Berlin (Feb. 18)
(Jewish Telegraphic Agency Mail Service)
The centenary of the Czaristic Ukase is the occasion of the publication by the “Schild”, the organ of the Federation of Jewish ex-soldiers in Germany, of an article in which it traces the history of the Jews as soldiers.
“Between 1900 and 1909,” the article states, “170,244 Jews served in the Russian army. According to official figures there were at the outbreak of the Great War 400,000 Jews who had served in the Russian army and the general mobilization brought the figure up to 600,000 about 16 per cent of the total Jewish population. In Germany there were over 100,000 Jews in the Army during the War, in Austria 300,000, and in the rest of Europe and in Turkey about 200,000, so that without counting those Jews who had fought in the American army, there were a quarter of a million Jews on active service.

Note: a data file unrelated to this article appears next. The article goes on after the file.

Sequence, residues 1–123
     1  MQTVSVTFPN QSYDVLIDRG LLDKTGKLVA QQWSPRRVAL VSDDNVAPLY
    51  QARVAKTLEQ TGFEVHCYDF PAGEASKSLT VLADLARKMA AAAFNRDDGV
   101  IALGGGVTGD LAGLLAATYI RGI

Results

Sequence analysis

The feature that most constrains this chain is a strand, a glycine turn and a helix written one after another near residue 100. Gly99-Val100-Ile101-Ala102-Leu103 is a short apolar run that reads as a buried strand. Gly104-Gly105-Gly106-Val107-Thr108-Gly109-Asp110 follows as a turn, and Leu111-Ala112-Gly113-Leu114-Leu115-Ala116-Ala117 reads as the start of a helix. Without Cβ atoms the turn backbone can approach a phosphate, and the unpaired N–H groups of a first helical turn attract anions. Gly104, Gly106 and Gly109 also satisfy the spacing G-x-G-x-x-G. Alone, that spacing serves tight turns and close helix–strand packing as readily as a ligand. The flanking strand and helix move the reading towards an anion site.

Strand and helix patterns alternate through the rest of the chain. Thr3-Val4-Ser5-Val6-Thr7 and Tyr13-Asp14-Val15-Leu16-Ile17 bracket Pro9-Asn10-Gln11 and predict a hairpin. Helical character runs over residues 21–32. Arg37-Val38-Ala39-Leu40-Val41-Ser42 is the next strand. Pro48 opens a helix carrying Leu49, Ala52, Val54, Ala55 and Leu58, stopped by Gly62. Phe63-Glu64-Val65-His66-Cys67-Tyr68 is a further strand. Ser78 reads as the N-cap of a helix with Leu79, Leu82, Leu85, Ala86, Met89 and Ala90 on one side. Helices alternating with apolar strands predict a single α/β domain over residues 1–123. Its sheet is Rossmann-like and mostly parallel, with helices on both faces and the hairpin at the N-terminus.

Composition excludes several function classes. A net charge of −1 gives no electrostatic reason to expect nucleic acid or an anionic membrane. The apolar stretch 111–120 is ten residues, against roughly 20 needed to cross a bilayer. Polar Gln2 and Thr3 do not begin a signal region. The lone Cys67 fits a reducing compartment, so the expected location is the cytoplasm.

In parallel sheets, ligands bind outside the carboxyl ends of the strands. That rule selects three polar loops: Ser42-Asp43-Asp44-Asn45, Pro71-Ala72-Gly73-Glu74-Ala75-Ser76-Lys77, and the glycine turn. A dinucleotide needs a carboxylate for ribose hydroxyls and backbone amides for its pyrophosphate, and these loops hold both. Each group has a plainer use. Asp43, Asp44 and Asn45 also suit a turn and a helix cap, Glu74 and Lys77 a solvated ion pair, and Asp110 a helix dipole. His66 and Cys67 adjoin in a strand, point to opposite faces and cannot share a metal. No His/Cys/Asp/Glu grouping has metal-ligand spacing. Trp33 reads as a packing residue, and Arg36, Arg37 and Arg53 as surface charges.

“As for the ability of the Jewish soldiers, Czar Nicholas I, himself, had acknowledged that the Jews served him, in 1812, loyally and faced death bravely. The article concludes that from all the evidence available the Jews had in all times and in all countries proved themselves good and loyal soldiers.”
A hundred years ago, Czar Nicholas I issued his famous Ukase by which the Jews of Russia, who until 1827 had paid a specified sum for relief from conscription, as was done also by the Russian merchant class, were called upon to serve in the Russian army. Boys of twelve were taken at night out of their beds and compelled to serve in the army till the age of 37. Children were torn by force from the arms of their mothers in broad daylight by the “catchers.” This was done for lack of able-bodied men to supply the demands of the authorities for Jewish conscripts, and besides children, cripples, invalids and old men were seized and placed in auxiliary companies.